Another hip-hop star featured during the NFL’s halftime Super Bowl show, Mary J. Blige, started doing drugs as a teenager to cope with a sexual assault she suffered as a young girl. When she shot to hip-hop prominence in the ’90s and early 2000s, many fans and critics assumed her partying lifestyle was simply part of her fame.
Then in 2011, in her “Behind the Music” video special, she revealed that a family friend had sexually abused her as a child. To break her chain of addiction, she had to address the demons inspired by that attack.
“We numb ourselves with drugs and alcohol and people and shopping and s**t, to cover up what’s really going on inside,” she told Self magazine in 2019.” You’re taking drugs so you can go out and feel courageous or go out and feel beautiful or whatever. You’re doing it to cover up something.”
Blige says once she realized what her future held if she didn’t change, she found the strength to move forward. She also credits her fans with saving her from suicidal thoughts early in her career. Blige has also spoken out about her battles with drugs and mental illness in the 2021 Amazon Prime video documentary “Mary J Blige’s My Life.”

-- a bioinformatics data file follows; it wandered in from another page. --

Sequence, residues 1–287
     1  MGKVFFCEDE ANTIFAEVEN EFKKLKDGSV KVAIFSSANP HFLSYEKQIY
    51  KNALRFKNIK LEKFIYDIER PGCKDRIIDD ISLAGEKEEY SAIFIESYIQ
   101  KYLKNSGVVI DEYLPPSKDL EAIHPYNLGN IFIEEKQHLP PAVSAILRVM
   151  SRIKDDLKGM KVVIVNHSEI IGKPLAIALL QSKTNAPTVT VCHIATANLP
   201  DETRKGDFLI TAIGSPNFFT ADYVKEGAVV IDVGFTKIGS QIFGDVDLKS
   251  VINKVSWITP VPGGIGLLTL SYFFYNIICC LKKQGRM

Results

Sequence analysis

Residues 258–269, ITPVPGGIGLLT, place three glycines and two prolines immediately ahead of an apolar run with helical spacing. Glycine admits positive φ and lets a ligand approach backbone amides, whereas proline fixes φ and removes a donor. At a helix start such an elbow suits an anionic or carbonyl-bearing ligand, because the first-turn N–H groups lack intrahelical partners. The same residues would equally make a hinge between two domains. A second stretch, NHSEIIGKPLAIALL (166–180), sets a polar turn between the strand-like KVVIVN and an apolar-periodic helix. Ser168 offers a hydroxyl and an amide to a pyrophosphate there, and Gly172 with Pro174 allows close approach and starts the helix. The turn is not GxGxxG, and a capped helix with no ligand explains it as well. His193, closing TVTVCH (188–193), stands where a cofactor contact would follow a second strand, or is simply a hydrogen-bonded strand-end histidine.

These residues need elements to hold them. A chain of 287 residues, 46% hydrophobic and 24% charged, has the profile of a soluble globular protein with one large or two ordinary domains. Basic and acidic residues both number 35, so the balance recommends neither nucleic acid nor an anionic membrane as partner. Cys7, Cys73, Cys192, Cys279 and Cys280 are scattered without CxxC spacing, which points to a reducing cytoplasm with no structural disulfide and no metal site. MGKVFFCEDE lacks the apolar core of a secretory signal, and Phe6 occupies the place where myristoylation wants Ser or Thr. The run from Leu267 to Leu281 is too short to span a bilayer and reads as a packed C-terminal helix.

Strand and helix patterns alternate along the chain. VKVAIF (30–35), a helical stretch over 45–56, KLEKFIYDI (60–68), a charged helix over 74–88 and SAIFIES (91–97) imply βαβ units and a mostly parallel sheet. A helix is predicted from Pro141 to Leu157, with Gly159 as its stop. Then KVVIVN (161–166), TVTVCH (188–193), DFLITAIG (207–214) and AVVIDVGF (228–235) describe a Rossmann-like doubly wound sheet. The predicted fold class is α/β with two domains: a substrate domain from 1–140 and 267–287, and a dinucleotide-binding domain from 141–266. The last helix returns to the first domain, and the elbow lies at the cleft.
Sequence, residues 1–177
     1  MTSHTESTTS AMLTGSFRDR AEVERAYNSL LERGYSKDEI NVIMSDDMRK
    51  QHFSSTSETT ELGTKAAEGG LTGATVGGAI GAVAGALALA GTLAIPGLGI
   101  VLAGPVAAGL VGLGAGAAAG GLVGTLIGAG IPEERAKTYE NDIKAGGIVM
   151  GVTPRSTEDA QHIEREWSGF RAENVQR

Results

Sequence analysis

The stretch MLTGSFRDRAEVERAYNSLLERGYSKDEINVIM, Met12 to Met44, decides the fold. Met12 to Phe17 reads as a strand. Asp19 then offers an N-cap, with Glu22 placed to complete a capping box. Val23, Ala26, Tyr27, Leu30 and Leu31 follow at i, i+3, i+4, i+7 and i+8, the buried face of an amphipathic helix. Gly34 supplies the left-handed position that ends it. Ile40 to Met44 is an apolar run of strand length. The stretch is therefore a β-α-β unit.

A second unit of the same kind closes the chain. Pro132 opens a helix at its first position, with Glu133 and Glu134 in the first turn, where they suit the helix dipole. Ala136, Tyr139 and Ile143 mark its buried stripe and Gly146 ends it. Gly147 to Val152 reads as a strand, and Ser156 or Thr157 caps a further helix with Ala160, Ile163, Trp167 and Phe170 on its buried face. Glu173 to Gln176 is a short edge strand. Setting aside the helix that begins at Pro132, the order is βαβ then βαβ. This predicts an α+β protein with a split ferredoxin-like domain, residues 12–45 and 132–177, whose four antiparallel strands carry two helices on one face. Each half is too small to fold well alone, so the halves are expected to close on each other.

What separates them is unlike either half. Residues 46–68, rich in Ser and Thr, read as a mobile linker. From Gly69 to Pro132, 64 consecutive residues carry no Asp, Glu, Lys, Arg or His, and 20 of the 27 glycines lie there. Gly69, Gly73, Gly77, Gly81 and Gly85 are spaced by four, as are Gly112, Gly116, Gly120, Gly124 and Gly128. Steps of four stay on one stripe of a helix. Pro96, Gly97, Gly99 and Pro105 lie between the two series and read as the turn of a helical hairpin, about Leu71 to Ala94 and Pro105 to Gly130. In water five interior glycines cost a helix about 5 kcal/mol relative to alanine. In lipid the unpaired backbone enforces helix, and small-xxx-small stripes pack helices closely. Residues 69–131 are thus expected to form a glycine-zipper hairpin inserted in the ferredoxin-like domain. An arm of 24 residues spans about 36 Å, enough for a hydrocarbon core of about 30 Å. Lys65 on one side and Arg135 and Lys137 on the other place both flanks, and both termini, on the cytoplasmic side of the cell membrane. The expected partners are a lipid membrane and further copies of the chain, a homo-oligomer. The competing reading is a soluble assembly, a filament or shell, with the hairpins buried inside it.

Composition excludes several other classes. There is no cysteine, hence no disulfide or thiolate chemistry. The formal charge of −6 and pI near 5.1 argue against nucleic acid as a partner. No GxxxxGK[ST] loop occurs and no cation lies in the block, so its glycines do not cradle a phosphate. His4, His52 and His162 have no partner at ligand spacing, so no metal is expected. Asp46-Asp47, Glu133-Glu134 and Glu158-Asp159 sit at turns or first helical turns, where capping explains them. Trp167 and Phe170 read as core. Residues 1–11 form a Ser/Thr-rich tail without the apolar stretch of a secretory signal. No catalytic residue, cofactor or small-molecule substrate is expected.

“’My Life’ is probably my darkest album, at one of the darkest times I’ve had. Most of the time, I just was just depressed and didn’t want to live,” she said. “I didn’t know that so many people felt the same way.”
These days Blige uses routine to help her stay sober. She works out daily, eats a healthy diet and drinks lots of water. She regularly discusses her abstinence and why drugs are so bad for people and their mental health in her many interviews.
Kendrick Lamar and Avoiding the Crutch of Drugs
Kendrick Lamar, another hip-hop star featured at Super Bowl LVI, has been free of drugs and alcohol since his youth. He used drugs when he was young, primarily because he grew up in a family where alcohol and drugs were part of a partying lifestyle. However, he grew out of them by the time he was a teenager.